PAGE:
But, in theory, that's what google/facebook/microsoft/amazon/everybody is doing when they "sell your information" as it is sorta misleadingly called. But we don't like that either!

So, what's the solution?

I like ad networks like Project Wonderful, who usually seem to show pretty decent advertisements (and they're site-wide, not specific to a user), and hopefully the bigger ad networks get better at showing ads in a non-obtrusive way.

Is there a "good" way to do ads? Or are we all just waiting for the "ad bubble" to burst? What comes after that?
23  Game Development / Newbie & Debugging Questions / Re: NullPointer with basic LibGDX. Following examples. on: 2014-12-23 15:19:17
Well, when is the onAssetsLoaded() function called? Try adding print statements to find that out as well.
24  Game Development / Newbie & Debugging Questions / Re: NullPointer with basic LibGDX. Following examples. on: 2014-12-23 15:13:13
What are the values of playerModelInstance and environment when that line of code runs? Add print statements just before that line to find out.
25  Discussions / Miscellaneous Topics / Re: Markus bought a new house on: 2014-12-23 14:04:06
tl;dr: what Ray said.

I "love" all the sanctimonious posts here (and here) from people who are quick to swear that they'd never "sell out" (ugh) when they inevitably become rich, all while denying the privilege that they already enjoy.

It's almost funny: Notch started out as "just a dude" on JGO. Then he became successful and became "the hero" of JGO. And now that many of the old-timers have been replaced by kids (most of which were probably inspired to try Java after learning that Minecraft was made with it), Notch is now "the sell-out" of JGO.

You don't get to call anybody a sell out until you move out of your parents' house and have to start paying your own bills. It's easy to say what you would do with your billion dollars, but most people here swearing that they'd never sell their games are, at best, lying to themselves.

Good for Notch. People speculating about his true level of happiness and whether or not he's a sell-out or whatever: get back to work making your own games. :p This kind of obnoxious speculation is exactly what drove him away from the spotlight in the first place. It's a shame that even JGO craps on him now, mostly because kids are jealous and still naive enough to be self-righteous about what they'd do in his shoes.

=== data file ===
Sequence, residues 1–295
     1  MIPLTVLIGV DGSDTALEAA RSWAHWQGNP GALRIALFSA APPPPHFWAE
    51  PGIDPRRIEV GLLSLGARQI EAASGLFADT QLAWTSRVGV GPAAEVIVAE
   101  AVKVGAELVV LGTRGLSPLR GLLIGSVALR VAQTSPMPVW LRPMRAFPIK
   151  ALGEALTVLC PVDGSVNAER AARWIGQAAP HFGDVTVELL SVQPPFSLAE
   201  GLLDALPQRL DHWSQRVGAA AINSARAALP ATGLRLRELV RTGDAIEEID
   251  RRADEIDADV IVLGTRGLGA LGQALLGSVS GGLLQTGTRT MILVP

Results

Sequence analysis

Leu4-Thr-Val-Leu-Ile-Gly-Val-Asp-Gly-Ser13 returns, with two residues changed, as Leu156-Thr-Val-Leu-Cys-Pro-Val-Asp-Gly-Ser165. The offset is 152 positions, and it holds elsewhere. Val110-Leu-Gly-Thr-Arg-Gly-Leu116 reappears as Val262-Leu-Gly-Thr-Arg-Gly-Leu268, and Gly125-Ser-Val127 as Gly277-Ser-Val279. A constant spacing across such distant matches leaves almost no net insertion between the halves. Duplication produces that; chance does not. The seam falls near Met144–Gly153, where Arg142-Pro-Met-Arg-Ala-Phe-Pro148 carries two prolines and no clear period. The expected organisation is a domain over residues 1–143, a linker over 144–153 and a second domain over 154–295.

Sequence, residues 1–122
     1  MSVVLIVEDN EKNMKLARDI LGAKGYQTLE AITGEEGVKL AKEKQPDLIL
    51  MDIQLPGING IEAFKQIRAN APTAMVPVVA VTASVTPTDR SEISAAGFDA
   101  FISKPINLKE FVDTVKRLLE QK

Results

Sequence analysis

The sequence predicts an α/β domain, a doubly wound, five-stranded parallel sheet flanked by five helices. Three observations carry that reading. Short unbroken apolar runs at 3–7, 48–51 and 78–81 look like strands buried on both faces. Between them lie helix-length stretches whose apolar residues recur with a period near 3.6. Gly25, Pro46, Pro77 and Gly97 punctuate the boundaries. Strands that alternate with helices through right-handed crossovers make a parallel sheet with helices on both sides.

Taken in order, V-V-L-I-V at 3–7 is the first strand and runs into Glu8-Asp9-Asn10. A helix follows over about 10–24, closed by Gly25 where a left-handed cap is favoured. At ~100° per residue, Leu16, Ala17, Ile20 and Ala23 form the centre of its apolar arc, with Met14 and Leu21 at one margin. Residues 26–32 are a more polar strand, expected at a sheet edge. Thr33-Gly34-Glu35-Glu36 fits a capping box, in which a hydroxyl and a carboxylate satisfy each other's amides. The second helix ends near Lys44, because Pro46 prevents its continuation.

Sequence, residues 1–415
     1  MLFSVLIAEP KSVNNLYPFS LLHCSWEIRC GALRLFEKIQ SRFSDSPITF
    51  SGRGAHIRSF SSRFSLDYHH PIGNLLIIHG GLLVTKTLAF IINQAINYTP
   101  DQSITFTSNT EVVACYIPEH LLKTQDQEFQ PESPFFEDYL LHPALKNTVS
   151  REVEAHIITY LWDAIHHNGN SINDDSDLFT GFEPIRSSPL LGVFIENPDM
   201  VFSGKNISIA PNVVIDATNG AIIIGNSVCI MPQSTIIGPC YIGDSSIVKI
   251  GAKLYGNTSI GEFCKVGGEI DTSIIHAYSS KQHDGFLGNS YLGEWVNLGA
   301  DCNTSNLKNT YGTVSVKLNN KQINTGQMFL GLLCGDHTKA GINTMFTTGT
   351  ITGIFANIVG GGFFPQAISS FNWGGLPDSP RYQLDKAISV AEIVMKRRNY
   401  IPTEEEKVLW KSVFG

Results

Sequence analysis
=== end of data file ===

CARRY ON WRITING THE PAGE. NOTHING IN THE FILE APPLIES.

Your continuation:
26  Game Development / Newbie & Debugging Questions / Re: Running .jar error main class not found. on: 2014-12-23 13:54:38
Is there some code I can add to record the stacktrace?

Not really- the error presumably happens before any of your code actually runs.

You could wrap your jar in another main class that runs your actual main class... but you'd have the same difficulty of defining the main class then.

Just post a link to the jar for us to try.
27  Game Development / Newbie & Debugging Questions / Re: Starting with 3D in Java, Where should I begin? on: 2014-12-23 13:50:19
I have always liked LibGDX; So I wanted to use it for this, but I can't find ANY TUTORIALS on 3D development.

Ahem: https://github.com/libgdx/libgdx/wiki/Quick-start
28  Game Development / Networking & Multiplayer / Re: Open World Multiplayer Game on: 2014-12-22 19:06:32
This really isn't a question that anybody can answer.

The only way we can answer "should I do this or that" type questions is with "well, what happened when you tried each approach?"

If you don't know how to start, then you shouldn't be trying to take on a project of this magnitude.

And if you haven't tried anything yet, worrying about what would be the "fastest" is just premature optimization at this point.

Get something working first. Then worry about getting it working better.
29  Game Development / Newbie & Debugging Questions / Re: Running .jar error main class not found. on: 2014-12-22 13:39:13
You might also consider posting a link to your jar for us to try out ourselves, that way we can see the error directly.

Do you not see the error when you run the jar?
30  Discussions / General Discussions / Re: Weird Math.max() behaviour. Math.max(0f, Float.MIN_VALUE) is Float.MIN_VALUE?? on: 2014-12-18 15:02:12
There's no upside as it bring no additional information to the table.

I mentioned a use-case where a second variable comes in handy. My only point is that there are multiple ways to solve this problem. I don't really want to bicker about it.

Chalk it up to us solving slightly different problems with slightly different requirements.
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Understanding relations between setOrigin, setScale and setPosition in libGdx
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List of Learning Resources
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Resources for WIP games
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2014-08-01 16:20:17

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2014-08-01 16:19:50